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Future Beneficiary Expectations of the Returns to Delayed Social Security Benefit Claiming and Choice Behavior


  • Jeff Dominitz


  • Angela Hung


  • Arthur vanSoest

    (Tilburg University and RAND)


We report on our preliminary findings from an innovative module of survey questions in the RAND American Life Panel designed to measure willingness to delay take-up of Social Security benefits. Among respondents who expect to stop working full time prior to turning age 62, over 60 percent report that they expect to start claiming Social Security benefits after they turn 63--that is, they expect to delay claiming. In contrast, among those who expect to stop full-time work sometime from age 62 to age 70, only about onequarter expect to delay claiming beyond the retirement age. Another main finding arises from reported probabilities of delayed claiming in hypothetical choice scenarios. These probabilities tend to be quite high relative to previous findings on delayed claiming outcomes. This result is particularly striking for those who are presented with information about the so-called "break-even age" for delayed claiming rather than information about the total amount of benefits that must be foregone during the one year delay.

Suggested Citation

  • Jeff Dominitz & Angela Hung & Arthur vanSoest, 2007. "Future Beneficiary Expectations of the Returns to Delayed Social Security Benefit Claiming and Choice Behavior," Working Papers wp164, University of Michigan, Michigan Retirement Research Center.
  • Handle: RePEc:mrr:papers:wp164

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    References listed on IDEAS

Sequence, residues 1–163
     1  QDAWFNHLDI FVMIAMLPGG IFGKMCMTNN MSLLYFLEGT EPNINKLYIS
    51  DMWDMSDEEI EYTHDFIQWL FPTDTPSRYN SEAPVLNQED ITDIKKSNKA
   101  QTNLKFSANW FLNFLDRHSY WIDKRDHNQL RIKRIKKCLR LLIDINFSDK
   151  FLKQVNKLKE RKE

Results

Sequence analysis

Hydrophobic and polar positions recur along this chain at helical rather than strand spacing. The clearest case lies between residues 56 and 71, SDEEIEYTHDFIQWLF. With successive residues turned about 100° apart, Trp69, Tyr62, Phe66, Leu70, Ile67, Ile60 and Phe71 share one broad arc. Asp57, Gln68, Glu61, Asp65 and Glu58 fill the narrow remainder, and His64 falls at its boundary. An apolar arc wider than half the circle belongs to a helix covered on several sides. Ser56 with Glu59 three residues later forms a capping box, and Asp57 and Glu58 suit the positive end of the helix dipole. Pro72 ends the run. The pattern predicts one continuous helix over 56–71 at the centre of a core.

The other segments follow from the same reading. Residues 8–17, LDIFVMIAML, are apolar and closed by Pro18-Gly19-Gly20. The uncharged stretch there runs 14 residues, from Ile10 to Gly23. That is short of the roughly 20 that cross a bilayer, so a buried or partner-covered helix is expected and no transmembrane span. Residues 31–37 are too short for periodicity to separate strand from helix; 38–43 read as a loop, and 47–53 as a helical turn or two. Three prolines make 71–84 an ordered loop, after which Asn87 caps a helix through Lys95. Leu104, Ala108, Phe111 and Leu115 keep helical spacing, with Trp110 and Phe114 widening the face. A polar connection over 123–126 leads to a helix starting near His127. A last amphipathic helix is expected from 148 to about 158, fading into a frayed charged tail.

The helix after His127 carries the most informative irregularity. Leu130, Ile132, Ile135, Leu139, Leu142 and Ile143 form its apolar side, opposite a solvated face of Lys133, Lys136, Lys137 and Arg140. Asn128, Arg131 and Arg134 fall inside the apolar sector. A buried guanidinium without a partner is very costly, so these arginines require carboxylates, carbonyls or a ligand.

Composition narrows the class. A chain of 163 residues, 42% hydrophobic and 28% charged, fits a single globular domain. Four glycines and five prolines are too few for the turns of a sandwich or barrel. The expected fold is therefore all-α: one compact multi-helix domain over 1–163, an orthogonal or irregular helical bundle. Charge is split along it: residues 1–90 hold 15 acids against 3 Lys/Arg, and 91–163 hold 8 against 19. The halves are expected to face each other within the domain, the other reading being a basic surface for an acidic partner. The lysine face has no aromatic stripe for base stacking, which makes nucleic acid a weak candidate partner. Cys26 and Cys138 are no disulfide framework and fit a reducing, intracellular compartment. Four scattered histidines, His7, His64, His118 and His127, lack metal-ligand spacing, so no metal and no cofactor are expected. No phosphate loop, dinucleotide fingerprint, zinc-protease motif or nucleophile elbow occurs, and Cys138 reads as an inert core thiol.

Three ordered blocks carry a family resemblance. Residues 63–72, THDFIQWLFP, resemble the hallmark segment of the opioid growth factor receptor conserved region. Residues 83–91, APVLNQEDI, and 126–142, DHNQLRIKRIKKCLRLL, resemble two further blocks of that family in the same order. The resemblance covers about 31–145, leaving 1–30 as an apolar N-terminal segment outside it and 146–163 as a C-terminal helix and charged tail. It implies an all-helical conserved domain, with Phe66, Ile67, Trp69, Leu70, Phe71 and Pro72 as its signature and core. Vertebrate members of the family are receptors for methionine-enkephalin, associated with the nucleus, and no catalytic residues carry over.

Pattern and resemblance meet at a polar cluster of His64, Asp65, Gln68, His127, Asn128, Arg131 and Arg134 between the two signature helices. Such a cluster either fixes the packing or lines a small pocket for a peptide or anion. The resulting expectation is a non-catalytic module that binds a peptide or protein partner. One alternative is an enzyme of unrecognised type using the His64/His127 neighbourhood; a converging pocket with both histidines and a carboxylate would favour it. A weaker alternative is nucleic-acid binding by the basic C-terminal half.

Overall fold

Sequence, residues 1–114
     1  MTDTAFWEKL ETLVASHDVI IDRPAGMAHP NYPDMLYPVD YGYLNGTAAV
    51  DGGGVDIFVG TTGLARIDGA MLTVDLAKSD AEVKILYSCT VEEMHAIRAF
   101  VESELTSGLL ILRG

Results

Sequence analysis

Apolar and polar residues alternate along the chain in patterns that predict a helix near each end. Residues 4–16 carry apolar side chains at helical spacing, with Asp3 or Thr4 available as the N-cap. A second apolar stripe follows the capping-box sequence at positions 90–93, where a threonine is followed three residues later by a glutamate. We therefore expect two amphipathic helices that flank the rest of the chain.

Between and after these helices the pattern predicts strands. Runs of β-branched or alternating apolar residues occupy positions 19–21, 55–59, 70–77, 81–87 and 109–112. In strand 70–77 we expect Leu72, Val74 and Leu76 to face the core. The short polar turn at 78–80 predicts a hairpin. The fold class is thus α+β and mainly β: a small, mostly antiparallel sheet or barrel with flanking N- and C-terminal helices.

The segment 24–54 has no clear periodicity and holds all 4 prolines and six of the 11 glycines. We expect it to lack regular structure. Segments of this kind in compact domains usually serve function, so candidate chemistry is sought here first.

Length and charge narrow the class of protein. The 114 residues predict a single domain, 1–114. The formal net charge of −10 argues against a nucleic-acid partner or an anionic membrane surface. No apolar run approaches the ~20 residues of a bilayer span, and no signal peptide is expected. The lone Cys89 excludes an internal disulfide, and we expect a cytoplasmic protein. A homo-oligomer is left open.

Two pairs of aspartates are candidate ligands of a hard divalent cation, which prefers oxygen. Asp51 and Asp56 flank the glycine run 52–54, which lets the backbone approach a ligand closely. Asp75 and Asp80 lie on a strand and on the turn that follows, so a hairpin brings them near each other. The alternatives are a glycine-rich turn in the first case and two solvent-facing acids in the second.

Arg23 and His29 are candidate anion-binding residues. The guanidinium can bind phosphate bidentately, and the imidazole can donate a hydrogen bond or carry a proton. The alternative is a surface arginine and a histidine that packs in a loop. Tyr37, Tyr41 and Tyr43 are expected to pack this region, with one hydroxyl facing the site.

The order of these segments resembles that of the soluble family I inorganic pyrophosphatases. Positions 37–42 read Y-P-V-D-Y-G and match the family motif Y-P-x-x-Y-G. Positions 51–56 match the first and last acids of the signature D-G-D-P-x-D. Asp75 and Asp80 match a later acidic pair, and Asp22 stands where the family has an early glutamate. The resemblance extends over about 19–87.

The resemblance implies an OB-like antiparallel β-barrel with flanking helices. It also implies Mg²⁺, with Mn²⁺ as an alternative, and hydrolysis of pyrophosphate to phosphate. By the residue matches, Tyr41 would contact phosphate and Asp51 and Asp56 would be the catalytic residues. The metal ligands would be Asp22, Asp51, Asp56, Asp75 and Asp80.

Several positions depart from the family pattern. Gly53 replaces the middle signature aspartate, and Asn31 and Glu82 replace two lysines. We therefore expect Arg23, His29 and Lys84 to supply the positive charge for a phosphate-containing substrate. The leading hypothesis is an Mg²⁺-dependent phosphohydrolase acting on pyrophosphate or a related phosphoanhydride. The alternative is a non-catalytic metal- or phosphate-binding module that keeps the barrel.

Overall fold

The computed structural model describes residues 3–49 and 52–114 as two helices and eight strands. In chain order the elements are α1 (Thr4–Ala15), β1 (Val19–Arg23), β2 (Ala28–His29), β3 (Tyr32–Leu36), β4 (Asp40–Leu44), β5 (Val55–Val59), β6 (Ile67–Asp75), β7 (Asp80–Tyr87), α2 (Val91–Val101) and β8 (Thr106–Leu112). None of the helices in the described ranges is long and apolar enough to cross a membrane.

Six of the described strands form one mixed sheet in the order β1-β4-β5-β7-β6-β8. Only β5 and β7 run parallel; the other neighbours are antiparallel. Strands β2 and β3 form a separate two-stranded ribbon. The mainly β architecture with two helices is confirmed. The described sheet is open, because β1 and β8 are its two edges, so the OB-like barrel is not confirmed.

1. Brown, Jeffrey R., 2001. "Private pensions, mortality risk, and the decision to annuitize," Journal of Public Economics, Elsevier, vol. 82(1), pages 29-62, October.
    2. Olivia S. Mitchell, 1999. "New Evidence on the Money's Worth of Individual Annuities," American Economic Review, American Economic Association, vol. 89(5), pages 1299-1318, December.
    3. James E. Duggan & Christopher J. Soares, 2002. "Actuarial Nonequivalence in Early and Delayed Social Security Benefit Claims," Public Finance Review, , vol. 30(3), pages 188-207, May.
    4. Jeffrey R. Brown & Mark J. Warshawsky, 2001. "Longevity-Insured Retirement Distributions from Pension Plans: Market and Regulatory Issues," NBER Working Papers 8064, National Bureau of Economic Research, Inc.
    5. Coile, Courtney & Diamond, Peter & Gruber, Jonathan & Jousten, Alain, 2002. "Delays in claiming social security benefits," Journal of Public Economics, Elsevier, vol. 84(3), pages 357-385, June.
    6. Michael D. Hurd & James P. Smith & Julie M. Zissimopoulos, 2004. "The effects of subjective survival on retirement and Social Security claiming," Journal of Applied Econometrics, John Wiley & Sons, Ltd., vol. 19(6), pages 761-775.
    7. Annamarie Lusardi & Olivia S. Mitchell, 2005. "Financial Literacy and Planning: Implications for Retirement Wellbeing," Working Papers wp108, University of Michigan, Michigan Retirement Research Center.
    8. David Laibson, 1997. "Golden Eggs and Hyperbolic Discounting," The Quarterly Journal of Economics, Oxford University Press, vol. 112(2), pages 443-478.
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    Cited by:

    1. Niels Vermeer, 2016. "Age Anchors and the Expected Retirement Age: An Experimental Study," De Economist, Springer, vol. 164(3), pages 255-279, September.

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